On April 13, the Counter Terrorism Department of Karachi killed two members of Al Qaeda in the Indian Subcontinent (AQIS) in a gunfight in the Gadap Town locality, and seized weapons, explosives and equipment from a bomb factory that they unearthed.  Abdul Saboor and Muhammad Mujtaba died during the encounter, while Muhammad Murtaza was arrested.

During interrogation, Murtaza made some startling revelations.

“About 14 years ago, some militants from the Nazimabad neighborhood of Karachi parted ways with their organization Harkatul Mujahideen following a dispute. They renamed themselves Harkatul Mujahideen al Alami (HUMA), and orchestrated attacks on security forces, diplomatic missions and other targets of global importance,” according to Raja Umar Khattab, a senior cop fighting militancy and terrorism for more than 15 years.

In 2004, HUMA militants rented a shop in an apartment building in the city, and parked a van packed with 400 kilograms of explosives outside the premises to target the convoy of then president Gen Pervez Musharraf. The bomb couldn’t go off because of signal jammers, and the convoy passed safely.

It was the first group to use toy bombs

“The failed plan went unnoticed. The same van was later used in an attack on the American consulate in Karachi,” Raja Umar Khattab told me. The same year, the group orchestrated a bomb attack on a concert by the Indian vocalist Sonu Nigam in the port city. Then, they tried to target Americans staying at the airport hotel in a rocket attack, but the rockets went wayward and fell in Shah Faisal Colony.

HUMA was the first group to come up with toy bombs. The first such device was seized after an encounter with the police in the Kalakot area of the city.

By the end of 2008, most of the members of the group had been apprehended, and their plan to break Karachi’s central prison had been thwarted.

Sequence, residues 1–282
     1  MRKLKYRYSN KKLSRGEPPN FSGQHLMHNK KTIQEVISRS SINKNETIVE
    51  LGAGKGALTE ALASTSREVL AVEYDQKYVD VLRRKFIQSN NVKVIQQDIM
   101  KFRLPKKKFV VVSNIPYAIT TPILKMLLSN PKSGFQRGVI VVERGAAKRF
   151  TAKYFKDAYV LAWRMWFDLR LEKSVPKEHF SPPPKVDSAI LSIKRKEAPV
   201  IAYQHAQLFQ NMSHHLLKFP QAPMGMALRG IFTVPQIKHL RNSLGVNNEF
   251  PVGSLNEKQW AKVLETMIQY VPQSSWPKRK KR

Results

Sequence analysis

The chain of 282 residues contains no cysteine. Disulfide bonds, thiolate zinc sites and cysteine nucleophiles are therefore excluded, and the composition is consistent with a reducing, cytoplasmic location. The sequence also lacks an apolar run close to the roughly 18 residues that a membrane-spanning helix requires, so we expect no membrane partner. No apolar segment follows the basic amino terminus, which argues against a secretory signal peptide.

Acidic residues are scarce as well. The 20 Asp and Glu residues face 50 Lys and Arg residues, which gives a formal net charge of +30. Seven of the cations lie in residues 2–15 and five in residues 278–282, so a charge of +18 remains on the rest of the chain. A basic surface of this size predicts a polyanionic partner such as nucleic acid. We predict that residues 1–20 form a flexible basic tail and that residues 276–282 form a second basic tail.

But because of weak prosecution and a lack of evidence, many of these militants were freed. Most of them fled to Afghanistan, where the group’s first chief Muhammad Imran, also known as Imran Bhai, was killed in a US drone strike.

Kamran Atif, the chief of the group’s Karachi chapter, was arrested in 2006 and served a life sentence.

In 2014, the militants associated with HUMA joined the AQIS en masse and took over its Pakistan branch. Their first emir is identified as Zarar, and also known by the names Naseem Bhai, Hanif Bhai and Ayub Bhai. He is stationed in Afghanistan, from where he directs the organization’s Pakistani and Bangladeshi chapters. “HUMA is the face of AQIS in Pakistan,” said Raja Umar Khattab.

Recent acts of terrorism in Karachi linked to the group include the murder of Dr Shakeel Auj and Urdu Blogger Aneeqa Naz, police say.

The AQIS Pakistan has three major wings, investigations have revealed.

One group, responsible for preaching, brainwashing and recruitment, consists of young people who have never been arrested and live normal lives at their homes in Karachi. They are hard to catch, police say, but stopping them is vital for eliminating the terrorist organization.

A second wing participates in militant activity. Most of its members are locals of Karachi, and people of Bengali and Burmese descent who have been born in the city.